1. Like you, I focus on expense tracking. I do the full budgeting 1x per year. After all it’s a budget and budgets are expectations. I may recast my budget 2x per year if and only if there is a material change that causes all my reports to show large budget variances and thus the budget has become meaningless. The vampire subscriptions are something I really pay attention to; eg. I juggled my internet sites and saved $250/year. I use the budget to really understand the ratio of fixed expenses to discretionary and make sure I’m spending in the right areas of my life.

  2. The primary reason I subscribed to Tiller money in 2018 was to to get a handle on my expenses prior to my early retirement scheduled for January 2020. I needed to be certain that I could maintain a positive cash flow on a fixed income. My wife handled paying the bills but unfortunately she passed away in 2016 leaving me both clueless and in a panic regarding my financial and cash flow situation.
    I knew what my income would be while working and had a good projection of what my fixed income would be upon early retirement.
    Using the categories in the early version of Tiller money allowed me to sort out my income verses expenses. After about 3 months of collecting data from the various categories I was able to get a better understanding my cash flow and determine the necessary categories to develop a 50/30/20 budget.
    I look over my income to expenses quarterly to see if any significant tweaks need to be made. In January I run a category report and use that information to adjust the budget for the upcoming year.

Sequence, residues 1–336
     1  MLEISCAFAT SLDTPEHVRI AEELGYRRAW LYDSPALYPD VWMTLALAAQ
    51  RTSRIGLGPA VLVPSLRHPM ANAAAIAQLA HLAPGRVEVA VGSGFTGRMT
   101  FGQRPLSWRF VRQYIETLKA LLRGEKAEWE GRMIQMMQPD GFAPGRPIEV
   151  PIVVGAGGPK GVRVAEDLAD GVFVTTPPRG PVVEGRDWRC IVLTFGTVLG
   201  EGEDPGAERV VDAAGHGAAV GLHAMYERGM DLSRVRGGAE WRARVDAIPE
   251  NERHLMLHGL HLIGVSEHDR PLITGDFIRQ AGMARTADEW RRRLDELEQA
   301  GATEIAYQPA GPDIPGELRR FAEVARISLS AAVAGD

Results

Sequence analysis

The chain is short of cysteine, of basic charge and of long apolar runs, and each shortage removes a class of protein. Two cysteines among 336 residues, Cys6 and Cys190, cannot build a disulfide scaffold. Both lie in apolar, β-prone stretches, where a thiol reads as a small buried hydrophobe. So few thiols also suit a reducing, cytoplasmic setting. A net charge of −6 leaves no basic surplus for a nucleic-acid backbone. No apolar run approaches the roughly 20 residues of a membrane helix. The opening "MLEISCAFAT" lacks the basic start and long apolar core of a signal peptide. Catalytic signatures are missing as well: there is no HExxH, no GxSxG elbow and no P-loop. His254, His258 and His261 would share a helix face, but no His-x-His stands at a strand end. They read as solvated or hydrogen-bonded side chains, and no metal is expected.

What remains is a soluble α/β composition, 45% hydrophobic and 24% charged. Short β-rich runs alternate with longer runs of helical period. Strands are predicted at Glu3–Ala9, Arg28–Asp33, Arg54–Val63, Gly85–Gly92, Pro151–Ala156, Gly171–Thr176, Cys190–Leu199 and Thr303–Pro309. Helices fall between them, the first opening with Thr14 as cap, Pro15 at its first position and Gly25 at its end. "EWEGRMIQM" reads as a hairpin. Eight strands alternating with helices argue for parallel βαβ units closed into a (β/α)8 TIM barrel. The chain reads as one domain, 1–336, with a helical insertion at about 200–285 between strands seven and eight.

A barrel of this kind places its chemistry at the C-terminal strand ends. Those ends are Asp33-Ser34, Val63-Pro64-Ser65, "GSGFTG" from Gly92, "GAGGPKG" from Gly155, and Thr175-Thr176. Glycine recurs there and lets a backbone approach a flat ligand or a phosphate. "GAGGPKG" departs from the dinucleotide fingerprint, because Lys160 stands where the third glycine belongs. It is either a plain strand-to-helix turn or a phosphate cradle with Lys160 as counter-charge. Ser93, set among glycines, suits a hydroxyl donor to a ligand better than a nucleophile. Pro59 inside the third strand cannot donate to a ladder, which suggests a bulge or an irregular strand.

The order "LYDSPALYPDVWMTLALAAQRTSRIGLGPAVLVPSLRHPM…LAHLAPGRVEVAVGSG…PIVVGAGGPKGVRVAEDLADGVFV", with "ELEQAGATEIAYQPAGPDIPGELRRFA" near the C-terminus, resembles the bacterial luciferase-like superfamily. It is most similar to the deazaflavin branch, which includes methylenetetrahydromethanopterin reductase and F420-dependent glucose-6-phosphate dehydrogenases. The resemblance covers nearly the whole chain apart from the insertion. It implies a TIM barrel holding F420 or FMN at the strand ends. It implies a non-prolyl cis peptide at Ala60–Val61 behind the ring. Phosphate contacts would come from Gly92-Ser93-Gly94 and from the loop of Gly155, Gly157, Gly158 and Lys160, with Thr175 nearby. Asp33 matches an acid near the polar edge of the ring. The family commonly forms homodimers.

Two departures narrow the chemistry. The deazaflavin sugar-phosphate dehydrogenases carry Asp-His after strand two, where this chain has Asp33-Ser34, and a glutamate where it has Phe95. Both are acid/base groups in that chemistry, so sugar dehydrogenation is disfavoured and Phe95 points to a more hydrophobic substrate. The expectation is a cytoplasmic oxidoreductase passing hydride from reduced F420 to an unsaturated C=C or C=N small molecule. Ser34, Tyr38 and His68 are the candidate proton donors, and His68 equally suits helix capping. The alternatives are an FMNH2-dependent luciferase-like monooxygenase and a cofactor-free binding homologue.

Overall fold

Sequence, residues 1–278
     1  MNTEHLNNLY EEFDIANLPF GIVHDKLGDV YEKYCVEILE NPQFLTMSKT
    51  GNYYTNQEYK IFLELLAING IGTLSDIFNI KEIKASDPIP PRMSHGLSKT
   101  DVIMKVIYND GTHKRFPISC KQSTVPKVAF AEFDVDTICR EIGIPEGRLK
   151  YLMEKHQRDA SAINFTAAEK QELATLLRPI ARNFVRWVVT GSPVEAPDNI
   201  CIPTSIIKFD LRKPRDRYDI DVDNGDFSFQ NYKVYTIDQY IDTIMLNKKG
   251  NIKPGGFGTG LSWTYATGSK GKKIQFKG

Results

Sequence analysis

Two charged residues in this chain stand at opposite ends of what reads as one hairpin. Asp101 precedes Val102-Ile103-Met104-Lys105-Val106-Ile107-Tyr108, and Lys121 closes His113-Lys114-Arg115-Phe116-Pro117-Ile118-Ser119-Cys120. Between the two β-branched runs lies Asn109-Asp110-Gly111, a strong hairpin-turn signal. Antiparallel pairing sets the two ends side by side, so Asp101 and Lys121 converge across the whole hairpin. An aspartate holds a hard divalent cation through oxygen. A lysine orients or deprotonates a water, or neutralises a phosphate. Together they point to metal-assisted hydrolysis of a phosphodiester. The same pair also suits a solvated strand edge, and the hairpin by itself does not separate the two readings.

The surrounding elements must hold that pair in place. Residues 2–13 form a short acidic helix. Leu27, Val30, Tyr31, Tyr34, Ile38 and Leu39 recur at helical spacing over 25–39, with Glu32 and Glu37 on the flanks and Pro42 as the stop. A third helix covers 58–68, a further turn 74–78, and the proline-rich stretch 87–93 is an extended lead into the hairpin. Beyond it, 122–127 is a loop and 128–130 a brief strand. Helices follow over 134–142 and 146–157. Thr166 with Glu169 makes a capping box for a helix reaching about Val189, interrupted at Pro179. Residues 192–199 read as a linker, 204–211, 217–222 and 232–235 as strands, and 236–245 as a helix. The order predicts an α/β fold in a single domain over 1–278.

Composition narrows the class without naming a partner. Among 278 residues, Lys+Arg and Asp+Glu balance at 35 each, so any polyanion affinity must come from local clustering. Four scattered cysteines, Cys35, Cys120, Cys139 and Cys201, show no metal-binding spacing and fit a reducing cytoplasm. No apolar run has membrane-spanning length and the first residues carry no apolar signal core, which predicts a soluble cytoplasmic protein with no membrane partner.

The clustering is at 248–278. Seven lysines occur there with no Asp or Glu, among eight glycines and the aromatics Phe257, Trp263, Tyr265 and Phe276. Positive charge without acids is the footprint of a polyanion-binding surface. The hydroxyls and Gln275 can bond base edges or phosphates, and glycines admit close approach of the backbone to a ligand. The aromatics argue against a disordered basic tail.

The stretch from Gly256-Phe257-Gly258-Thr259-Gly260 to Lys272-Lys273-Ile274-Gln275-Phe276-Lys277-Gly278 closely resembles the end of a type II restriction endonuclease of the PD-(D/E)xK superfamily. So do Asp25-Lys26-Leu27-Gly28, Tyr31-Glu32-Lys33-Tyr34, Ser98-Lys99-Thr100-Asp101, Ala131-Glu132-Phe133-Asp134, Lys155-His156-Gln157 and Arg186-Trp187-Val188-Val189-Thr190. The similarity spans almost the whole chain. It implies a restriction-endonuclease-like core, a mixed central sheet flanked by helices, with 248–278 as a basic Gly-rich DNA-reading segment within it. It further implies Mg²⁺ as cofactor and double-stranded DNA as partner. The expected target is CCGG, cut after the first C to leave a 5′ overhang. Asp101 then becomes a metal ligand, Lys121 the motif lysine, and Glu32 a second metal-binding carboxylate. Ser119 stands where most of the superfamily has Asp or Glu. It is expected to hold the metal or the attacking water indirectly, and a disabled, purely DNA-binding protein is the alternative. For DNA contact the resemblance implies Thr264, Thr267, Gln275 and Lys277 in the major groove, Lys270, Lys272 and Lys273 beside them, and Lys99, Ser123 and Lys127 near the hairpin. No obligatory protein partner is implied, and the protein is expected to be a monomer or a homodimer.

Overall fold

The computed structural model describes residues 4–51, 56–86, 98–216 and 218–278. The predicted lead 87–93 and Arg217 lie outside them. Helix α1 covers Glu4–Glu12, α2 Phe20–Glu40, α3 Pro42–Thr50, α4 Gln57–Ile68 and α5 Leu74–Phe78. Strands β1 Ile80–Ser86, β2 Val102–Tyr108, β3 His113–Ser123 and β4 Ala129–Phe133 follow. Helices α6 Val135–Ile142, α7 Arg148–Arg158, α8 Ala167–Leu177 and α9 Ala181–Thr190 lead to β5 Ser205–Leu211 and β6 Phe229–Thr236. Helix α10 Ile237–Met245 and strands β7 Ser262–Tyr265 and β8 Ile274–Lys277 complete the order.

My budget is a subjective expectation of income to expenses. Since I maintain a mostly positive cash flow that can still include savings I don’t have a need to scrutinize my budget status monthly.

  3. I was happy to see these posts because I am using Tiller in the same way that the previous posters have mentioned. I hope that the expense comparison sheet provides more flexibility on the time periods that you can compare. Good discussion thread.

  4. Avatar for Exo3 Exo3 says:

    I second above comments. Relentless tracking is what I’m mostly focused on. At this point i don’t sweat going over the allocated budget. I’m more focused on trends i.e. do I consistently go over my budget in a given category? If it’s a “one-off” I don’t really care. Otherwise I ask myself: should I change my spending habits in this category OR is my budget not realistic anymore?

    I also like tracking long-term trends. I have a tab where I copy & paste category totals at month end, month by month and look at averages every quarter. I may manually adjust this tab and exclude large one-time events (e.g. chimney repair) to avoid skewing the overall trend. This is also a foundation for my budget thresholds.
    At this point I have +2 years worth of data which provides valuable insights about our habits and their seasonality (e.g. I expect to go above my average for spending on drinks, events during summer months etc.). It also helps with evaluation and execution of the 50/30/20 goal.

  5. Avatar for mjsef mjsef says:

    I am also an ‘expense tracker’. I am fortunate though in not counting pennies so it is more about ‘can I keep expenses under control (equal to last year)’. Also helps me plan for big shifts in my status like moving or kids going to College. Similar to [mkarbowsky] I am transitioning to retirement soon and doing a fair amount of planning. In fact, my relentless expense tracking has helped me know EXACTLY what my expenses will look like post kids and when I transition to retirement. So rather than using some made up benchmark for post retirement expense levels, I have the number dialed in based on prior spend, less kids, + more travel etc. Gives me a lot of confidence that I am where I need to be!

Continue the discussion at community.tillerhq.com